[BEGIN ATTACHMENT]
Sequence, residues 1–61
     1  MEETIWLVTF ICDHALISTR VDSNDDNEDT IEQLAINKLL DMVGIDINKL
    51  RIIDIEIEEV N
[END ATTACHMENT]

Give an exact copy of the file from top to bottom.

Sequence, residues 1–61
     1  MEETIWLVTF ICDHALISTR VDSNDDNEDT IEQLAINKLL DMVGIDINKL
    51  RIIDIEIEEV N